I have no intention of being disorderly. The hon. Member made a statement about the probability of a man, who had disputed about the price of a beast in a fair in Ireland, being shot on his way home. An hon. Member behind me said it was perfectly true, and I turned round and said that it was not true, as I had bought and sold more cattle at fairs in Ireland than the whole of the Members on the Bench on which he was sitting had ever bought or sold there.
§ *MR. T. W. RUSSELL
The hon. Member evidently did not find it a very profitable business, because he left Ireland long ago.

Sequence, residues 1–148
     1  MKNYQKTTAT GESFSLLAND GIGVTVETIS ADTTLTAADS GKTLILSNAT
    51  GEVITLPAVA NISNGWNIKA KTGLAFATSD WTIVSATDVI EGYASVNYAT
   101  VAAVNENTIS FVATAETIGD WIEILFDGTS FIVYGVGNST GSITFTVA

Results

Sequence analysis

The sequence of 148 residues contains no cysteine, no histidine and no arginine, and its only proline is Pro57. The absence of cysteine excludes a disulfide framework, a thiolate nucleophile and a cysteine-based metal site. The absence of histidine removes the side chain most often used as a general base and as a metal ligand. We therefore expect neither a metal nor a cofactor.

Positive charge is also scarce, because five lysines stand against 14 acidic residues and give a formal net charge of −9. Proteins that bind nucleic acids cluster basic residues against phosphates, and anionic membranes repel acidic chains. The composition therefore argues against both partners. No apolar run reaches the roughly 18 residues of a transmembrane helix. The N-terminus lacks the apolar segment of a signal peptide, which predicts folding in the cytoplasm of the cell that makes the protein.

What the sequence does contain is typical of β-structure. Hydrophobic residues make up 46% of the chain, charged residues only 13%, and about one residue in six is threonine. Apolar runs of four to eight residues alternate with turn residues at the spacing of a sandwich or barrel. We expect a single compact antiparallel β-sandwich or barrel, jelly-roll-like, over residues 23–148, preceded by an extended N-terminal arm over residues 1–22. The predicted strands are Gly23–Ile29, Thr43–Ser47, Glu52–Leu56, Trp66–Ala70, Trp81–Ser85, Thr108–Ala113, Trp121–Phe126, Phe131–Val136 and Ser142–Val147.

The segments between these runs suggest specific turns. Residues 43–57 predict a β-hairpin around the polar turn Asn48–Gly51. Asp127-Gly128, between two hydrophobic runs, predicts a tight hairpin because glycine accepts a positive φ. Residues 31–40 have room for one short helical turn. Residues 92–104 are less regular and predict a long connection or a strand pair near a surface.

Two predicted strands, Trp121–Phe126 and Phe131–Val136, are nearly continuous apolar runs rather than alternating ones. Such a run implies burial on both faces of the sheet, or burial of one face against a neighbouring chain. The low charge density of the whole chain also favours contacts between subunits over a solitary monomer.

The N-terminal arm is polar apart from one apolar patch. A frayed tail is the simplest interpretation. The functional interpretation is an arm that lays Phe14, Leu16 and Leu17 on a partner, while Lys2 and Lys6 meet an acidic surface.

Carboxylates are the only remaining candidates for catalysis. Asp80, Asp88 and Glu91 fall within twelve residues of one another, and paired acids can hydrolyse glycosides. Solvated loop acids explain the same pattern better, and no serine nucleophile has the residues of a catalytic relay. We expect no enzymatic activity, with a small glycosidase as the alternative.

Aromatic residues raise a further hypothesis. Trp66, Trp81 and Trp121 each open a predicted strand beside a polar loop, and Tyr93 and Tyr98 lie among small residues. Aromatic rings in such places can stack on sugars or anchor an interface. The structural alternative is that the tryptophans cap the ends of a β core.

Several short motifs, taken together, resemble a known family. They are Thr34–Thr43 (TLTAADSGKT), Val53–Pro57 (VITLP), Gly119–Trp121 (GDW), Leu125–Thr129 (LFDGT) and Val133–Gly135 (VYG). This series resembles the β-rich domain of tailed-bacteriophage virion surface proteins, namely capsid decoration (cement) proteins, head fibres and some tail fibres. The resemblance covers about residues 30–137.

§ *MR. LOUGH
That statement, like many which come from the same quarter, is perfectly untrue. I have not left Ireland; I spend part of every year in Ireland. I have a house in Ulster, and I question if the hon. Member who has challenged me, and who represents an Ulster constituency, has got as good means of knowing the facts as that gives me.
§ *MR. T. W. RUSSELL
said, he would resume his argument. He asserted that the state of the counties under discussion was a disgrace to the Government of the country. The Government could, if they chose to exercise the powers they possessed, make an end, in a mouth, of the present state of things, and everyone of these rascals could be hunted out of Ireland, if they were not brought to justice. This was not agrarian crime not non-agrarian crime. It was sheer ruffianism, and for the Chief Secretary to have any scruple about applying the Crimes Act, or any other Act, to put down that ruffianism was unworthy of an English Minister.
§ MR. W. REDMOND (Clare, E)